A dispute has broken out between beekeepers and farmers in a rural community near Lake Chapala.
Apiarists in Ciénega de Chapala, Michoacán, say that an insecticide used by sorghum producers to control sugarcane aphids has caused the loss of 280 beehives and the deaths of thousands of bees.
“We have around 3,000 hives and they are being affected in the places where treatment against aphids is being applied,” said Felipe García, the president of a local beekeepers’ association.
“In a two-kilometer radius from where they are using it they are devastating beekeeping and as the whole region is sown they are going to end beekeeping with that product.”
García said that while the bees die gradually, effects can normally be seen within a day of the insecticide being used.
“They arrive from the fields, and they can’t organize themselves. It’s a neurotoxin and this product doesn’t allow them to fly or feed themselves and they completely collapse.”
It’s not the first time that an insecticide has had a negative effect on local bee populations.
García told the newspaper Milenio that a similar phenomenon occurred two years ago. Then, experts from the state Ecology Institute and Ciénega University found that honey, wax and the bees showed traces of imadacloprid, an insecticide belonging to the neonicotinoid family.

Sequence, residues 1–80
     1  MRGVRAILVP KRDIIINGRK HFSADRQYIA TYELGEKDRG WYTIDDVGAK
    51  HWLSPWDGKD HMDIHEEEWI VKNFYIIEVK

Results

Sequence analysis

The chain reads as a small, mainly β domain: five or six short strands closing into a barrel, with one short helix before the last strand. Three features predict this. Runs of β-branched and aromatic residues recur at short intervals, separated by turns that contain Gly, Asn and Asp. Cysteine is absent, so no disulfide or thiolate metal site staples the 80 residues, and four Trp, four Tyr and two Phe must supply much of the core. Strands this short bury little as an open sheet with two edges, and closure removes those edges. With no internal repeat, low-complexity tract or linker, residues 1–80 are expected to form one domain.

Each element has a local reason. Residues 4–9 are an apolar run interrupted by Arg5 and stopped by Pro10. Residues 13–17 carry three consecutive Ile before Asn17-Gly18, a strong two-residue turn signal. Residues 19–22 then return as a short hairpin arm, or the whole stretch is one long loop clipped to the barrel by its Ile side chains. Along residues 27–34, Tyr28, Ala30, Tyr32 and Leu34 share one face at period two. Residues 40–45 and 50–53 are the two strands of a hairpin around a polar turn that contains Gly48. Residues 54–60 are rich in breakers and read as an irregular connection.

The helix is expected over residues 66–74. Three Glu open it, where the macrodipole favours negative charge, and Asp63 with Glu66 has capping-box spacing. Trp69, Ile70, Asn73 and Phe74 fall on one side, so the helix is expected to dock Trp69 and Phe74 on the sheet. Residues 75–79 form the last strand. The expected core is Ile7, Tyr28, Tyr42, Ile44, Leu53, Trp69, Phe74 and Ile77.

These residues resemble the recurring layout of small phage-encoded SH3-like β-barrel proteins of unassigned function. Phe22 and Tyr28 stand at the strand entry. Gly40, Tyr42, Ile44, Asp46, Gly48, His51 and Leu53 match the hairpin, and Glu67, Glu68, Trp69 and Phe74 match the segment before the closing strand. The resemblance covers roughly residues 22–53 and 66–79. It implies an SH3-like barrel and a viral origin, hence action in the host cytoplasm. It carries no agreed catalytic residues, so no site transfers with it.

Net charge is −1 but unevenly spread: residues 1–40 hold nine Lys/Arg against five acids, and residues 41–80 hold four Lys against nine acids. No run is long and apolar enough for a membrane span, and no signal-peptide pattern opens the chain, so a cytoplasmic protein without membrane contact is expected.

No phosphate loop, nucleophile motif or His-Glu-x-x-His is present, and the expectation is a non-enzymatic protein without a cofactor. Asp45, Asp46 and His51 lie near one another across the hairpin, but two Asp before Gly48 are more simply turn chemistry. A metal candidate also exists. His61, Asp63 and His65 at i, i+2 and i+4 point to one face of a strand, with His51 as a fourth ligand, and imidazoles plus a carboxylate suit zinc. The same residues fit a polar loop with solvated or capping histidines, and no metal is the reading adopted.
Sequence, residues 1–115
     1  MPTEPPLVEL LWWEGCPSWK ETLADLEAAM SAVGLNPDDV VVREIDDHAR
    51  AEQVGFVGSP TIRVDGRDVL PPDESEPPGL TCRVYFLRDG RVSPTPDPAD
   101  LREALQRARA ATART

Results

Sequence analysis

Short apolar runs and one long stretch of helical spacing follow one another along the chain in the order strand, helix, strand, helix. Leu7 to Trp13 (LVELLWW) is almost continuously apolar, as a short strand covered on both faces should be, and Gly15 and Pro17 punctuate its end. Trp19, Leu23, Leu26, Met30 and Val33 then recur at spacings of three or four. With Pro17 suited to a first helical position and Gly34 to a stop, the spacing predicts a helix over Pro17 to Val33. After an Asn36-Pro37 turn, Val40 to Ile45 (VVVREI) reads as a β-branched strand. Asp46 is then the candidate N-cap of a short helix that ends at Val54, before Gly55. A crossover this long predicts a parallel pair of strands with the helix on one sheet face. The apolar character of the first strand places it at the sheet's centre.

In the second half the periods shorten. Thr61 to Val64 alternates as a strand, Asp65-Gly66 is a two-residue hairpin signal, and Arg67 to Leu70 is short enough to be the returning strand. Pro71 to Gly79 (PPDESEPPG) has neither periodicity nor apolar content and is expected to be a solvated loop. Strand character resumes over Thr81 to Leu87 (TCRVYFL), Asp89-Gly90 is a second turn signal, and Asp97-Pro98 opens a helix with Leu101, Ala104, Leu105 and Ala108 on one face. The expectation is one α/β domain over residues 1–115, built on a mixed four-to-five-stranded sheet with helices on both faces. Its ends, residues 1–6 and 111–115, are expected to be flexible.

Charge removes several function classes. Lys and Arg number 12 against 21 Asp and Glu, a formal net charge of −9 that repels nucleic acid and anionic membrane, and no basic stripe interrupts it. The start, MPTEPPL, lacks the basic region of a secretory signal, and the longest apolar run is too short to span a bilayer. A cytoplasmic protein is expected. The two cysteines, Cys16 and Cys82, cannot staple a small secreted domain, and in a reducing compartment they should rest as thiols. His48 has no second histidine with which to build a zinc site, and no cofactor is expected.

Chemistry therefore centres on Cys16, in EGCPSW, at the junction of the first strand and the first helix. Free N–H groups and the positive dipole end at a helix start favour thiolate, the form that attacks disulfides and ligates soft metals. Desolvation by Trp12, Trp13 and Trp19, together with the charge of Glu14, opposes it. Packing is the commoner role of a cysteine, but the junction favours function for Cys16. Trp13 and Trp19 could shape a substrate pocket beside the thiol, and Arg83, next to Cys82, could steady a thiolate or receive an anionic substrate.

Farmers consequently committed to advise beekeepers prior to using the chemical but this year they did not do so.
“When they applied it again, they didn’t notify anyone. They killed absolutely all our bees again so we’ve already started legal action,” García explained.
“We lodged our complaint and the municipality declared . . . that the product couldn’t be used. But not only did they keep using it, now they accuse me of being responsible for the loss of grain in the whole region because I’m promoting that they not use these chemicals.”
García said that a local farmers’ organization affiliated with the federal Agriculture Secretariat (Sagarpa) is selling imadacloprid for 450 pesos (US $25) a liter after acquiring it cheaply through the government agency, and is concerned about the financial impact of not being able to sell it.
The president of that organization, Oscar Cabello Leyva, said it has not provided the offending pesticide to farmers since August 4 but stressed that continuing the suspension was subject to scientific results proving that it was actually causing damage to bees.
He also stated that alternative pesticides are unaffordable and that there was a danger that crops would be lost if aphids were not repelled.
Insecticides have previously killed bee populations in Jalisco, San Luis Potosí and the Comarca Lagunera region of Coahuila and Durango. Federal deputy Verónica Delgadillo will present a petition in Congress Monday to pressure the government to ban the offending insecticide.
Source: Milenio (sp)